BEFORE THE DANCE: Second-year NSU basketball coach Mike McConathy with CBS announcer Tim Brando before the Demons’ March 13, 2001 NCAA Tournament debut in Dayton, Ohio.

By DOUG IRELAND, Journal Sports

This morning, Mike McConathy walks onto the court at Prather Coliseum for the last time as Northwestern State’s basketball coach, at an event celebrating his retirement after 23 years. A highlightSBJ spotlight reel of memories has been dancing through the minds of Demons since his announcement Monday afternoon.

Some of the most compelling, and overlooked, are of the charmed five days in March 2001 when McConathy’s men became Dayton’s Demons. It was 21 years ago tonight that his second NSU squad won the first-ever NCAA Tournament play-in game, then stayed in town for three more days before No. 1-seeded Illinois sent them south.

Getting there was no small feat. Northwestern (finishing 19-13) was the sixth seed in the Southland Conference Tournament, and won it by dispatching three foes who had beaten the Demons twice in the regular season: No. 3 Nicholls on its home court, then No. 2 UTSA and No. 1 McNeese at the Brookshire Grocery Arena in Bossier City.

Then came NSU’s own version of Planes, Trains and Automobiles getting to Dayton. NCAA pairings were announced at 6 p.m. Sunday night, but the NCAA’s travel agency didn’t give the Demons travel plans until nearly 10 o’clock. Their bus pulled off campus at 6 a.m. in a violent storm, flew out of Shreveport at 8, looped northward in Atlanta, boarded a bus at the Cincinnati Airport (which is in Kentucky), and an hour later unloaded at the UD Arena just in time for a 7 p.m. shootaround and media session.

The play-in game was a first-year experiment pitting the lowest two seeds in March Madness. It now involves eight teams over two nights in the NCAA Opening Round, but it has never left Dayton, a hoops hotbed of Americana. Only a few of the 6,813 fans in the house on March 13, 2001 were wearing NSU purple or Winthrop maroon, but everybody was into the matchup. Instead of the atmosphere of a lab experiment, it had “an NCAA Tournament feel,” said ESPN’s Andy Katz.

“It was a new opportunity, the play-in game. Winthrop didn’t like it. We were thrilled,” said McConathy. “There was no other game that Tuesday night, and we were getting all that media attention around the country. It was incredible, and after we won, it magnified.”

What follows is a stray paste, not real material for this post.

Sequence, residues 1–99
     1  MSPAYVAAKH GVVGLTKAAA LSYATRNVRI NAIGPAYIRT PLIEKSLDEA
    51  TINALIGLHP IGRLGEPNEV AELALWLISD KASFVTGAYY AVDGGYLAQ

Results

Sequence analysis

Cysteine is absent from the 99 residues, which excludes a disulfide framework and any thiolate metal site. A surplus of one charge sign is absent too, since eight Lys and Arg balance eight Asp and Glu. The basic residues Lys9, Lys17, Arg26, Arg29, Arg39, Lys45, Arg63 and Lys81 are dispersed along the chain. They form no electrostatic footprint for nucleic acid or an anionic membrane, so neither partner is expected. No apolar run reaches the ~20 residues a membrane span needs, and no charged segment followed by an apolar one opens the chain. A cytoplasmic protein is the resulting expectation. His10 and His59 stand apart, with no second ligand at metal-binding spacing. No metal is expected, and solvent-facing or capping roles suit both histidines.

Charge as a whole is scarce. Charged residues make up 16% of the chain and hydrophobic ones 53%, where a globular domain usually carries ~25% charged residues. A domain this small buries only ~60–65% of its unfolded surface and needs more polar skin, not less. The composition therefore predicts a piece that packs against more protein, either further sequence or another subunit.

3-15 Chris Thompson 2001 NCAAThat night, the game was the lead story on ESPN’s SportsCenter, and drew the top half of the sports page in Wednesday’s USA Today.

Two of the central figures were Bossier City natives and Airline High graduates with deep ties to Bossier Parish Community College – McConathy, of course, and senior forward Chris Thompson, who led NSU with 18 points in a 71-67 victory.

They weren’t alone. One of Shreveport’s best-known sports figures, Tim Brando, called the national television broadcast – carried on TNN, the forerunner of today’s truTV, but produced by CBS with all the trimmings. Rick Pitino, soon to become the coach at Louisville, was Brando’s analyst.

“Rick and I were already friendly, so that helped the broadcast,” said Brando. “He understood that Northwestern State was from my neck of the woods, and that Opie (McConathy) was a lifelong friend.

“After our production meetings leading into the game, I recall Rick saying, ‘This guy’s for real, isn’t he?’ Opie’s humility struck him,” said Brando.

That impression, and Brando’s insight, pleased those watching back home around northwest Louisiana.

“Having Tim on the TV call, he knew us, knew our story. We didn’t have to explain how to say Natchitoches,” said McConathy. “It was priceless.”

And on the court, another local – veteran NCAA official Mike Thibodeaux. The Shreveporter, who had worked a few Demon games in the past two years, was regarded among the best wearing a whistle anywhere in college basketball. As Thompson warmed up, he noticed a familiar face watching.

“It put a smile on my face,” said the NSU senior forward, whose colorful on-court persona drew several technical fouls in his two years in Natchitoches. “I’d known Thib a long time. His first words to me: ‘Chris, you gonna be all right?’ I said, ‘I’m gonna be on my best behavior.’ It was all fun and games, but I’m a competitor. He knew that.”